Public inquiry into road scheme ends

A PUBLIC inquiry looking at a proposed multi-million pound scheme to make a notorious stretch of the A14 safer has come to an end.The planned road improvements, between Haughley and Stowmarket, will create a new route to eliminate the bends where there have been many serious accidents.

A PUBLIC inquiry looking at a proposed multi-million pound scheme to make a notorious stretch of the A14 safer has come to an end.

The planned road improvements, between Haughley and Stowmarket, will create a new route to eliminate the bends where there have been many serious accidents.

However since draft orders for the £32million scheme were published in March there have been a series of complaints from objectors, who have suggested a number of alternatives.

A public inquiry into the plans, held at Cedars Hotel in Needham Road, Stowmarket, finished on Tuesday and a Government inspector is expected to make an announcement in the New Year, so that if given the go-ahead work can be completed by 2008.


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There were 13 serious accidents on the A14 near Haughley between 1999 and 2002 but the stretch, which has a 50mph speed limit, experienced no serious accidents in 2003 or 2004 after speed cameras were introduced on each carriageway.

The Highways Agency is seeking to make this road safer by straightening the road and minimising the number of junctions.

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It says the proposed straightened route with fewer junctions will help reduce congestion on the section of road

However campaigners say if the work is a proper upgrade then it should also improve cycle and pedestrian routes between Stowmarket and nearby villages.

David Barker, vice-chairman of the Suffolk Local Access Forum (SLAF), said: “We had hoped we would be able to negotiate something with the Highways Agency so that it wouldn't come to a public inquiry but unfortunately they didn't absorb what we had to say.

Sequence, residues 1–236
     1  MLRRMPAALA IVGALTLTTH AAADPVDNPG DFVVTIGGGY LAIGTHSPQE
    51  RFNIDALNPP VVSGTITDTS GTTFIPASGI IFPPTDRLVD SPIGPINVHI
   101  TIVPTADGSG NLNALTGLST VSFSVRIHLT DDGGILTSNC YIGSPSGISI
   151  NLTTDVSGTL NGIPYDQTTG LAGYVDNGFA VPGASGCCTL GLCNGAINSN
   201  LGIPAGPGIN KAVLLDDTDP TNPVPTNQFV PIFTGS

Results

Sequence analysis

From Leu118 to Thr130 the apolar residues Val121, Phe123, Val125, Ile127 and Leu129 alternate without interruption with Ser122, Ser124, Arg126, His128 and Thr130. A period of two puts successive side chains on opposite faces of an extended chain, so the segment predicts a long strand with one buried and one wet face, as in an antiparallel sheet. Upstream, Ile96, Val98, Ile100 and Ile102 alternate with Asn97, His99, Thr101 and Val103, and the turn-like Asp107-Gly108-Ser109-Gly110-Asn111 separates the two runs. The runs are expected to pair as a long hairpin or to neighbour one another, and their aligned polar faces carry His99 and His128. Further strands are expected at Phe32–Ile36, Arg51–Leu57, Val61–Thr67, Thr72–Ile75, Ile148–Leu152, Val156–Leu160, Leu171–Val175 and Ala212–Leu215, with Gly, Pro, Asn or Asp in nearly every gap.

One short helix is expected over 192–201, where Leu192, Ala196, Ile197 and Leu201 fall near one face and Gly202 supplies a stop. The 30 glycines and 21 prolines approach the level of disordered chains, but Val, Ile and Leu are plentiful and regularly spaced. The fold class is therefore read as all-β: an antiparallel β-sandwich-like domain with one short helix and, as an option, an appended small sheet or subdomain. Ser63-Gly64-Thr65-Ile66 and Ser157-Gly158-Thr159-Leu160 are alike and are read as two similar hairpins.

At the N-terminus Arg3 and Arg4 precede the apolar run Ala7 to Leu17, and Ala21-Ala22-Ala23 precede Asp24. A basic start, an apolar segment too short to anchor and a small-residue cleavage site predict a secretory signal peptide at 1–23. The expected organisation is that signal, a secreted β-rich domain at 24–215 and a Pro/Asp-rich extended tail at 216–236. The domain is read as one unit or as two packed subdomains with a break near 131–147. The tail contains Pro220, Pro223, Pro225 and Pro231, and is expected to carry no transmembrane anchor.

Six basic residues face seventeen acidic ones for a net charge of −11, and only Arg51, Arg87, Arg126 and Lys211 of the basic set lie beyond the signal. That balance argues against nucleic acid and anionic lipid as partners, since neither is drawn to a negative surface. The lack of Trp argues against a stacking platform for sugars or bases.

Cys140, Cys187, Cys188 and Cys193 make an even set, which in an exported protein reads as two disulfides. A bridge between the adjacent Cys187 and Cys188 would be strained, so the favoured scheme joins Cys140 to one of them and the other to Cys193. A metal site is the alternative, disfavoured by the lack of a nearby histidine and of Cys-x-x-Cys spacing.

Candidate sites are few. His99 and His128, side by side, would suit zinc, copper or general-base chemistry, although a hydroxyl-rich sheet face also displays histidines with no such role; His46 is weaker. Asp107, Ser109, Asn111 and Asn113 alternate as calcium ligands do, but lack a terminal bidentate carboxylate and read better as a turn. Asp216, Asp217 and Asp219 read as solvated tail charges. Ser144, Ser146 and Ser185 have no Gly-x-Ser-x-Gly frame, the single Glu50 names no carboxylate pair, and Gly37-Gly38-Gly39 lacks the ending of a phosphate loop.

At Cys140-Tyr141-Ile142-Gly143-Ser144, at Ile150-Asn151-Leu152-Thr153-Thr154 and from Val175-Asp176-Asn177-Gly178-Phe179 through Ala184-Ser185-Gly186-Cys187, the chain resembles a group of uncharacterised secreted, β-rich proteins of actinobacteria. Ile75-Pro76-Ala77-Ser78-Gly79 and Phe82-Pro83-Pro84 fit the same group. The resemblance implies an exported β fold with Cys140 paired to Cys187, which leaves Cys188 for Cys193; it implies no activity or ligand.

“The real problem is the danger of people trying to cross at the proposed new junction at Tothill. For those on horse back to have to join the traffic and negotiate two roundabouts, a bridge and a two-way road to connect to bridle paths either side of the new junction is dangerous.

“I think we all understand the new scheme will be safer for vehicles but our real concerns are for pedestrians. I really hope the inspector will address this problem but only time will tell.”

A spokesperson for the Highways Agency said they did not want to pre-empt the decision of the Government inspector.

She said: “At this stage we are limited to what we can say but I can confirm the inquiry was closed on Tuesday and that the inspector went on a site visit on Wednesday so he could look at the road in relation to peoples' objections and comments.”

She said the Highways Agency was expecting the inspector to make a decision in the New Year.

craig.robinson@eadt.co.uk

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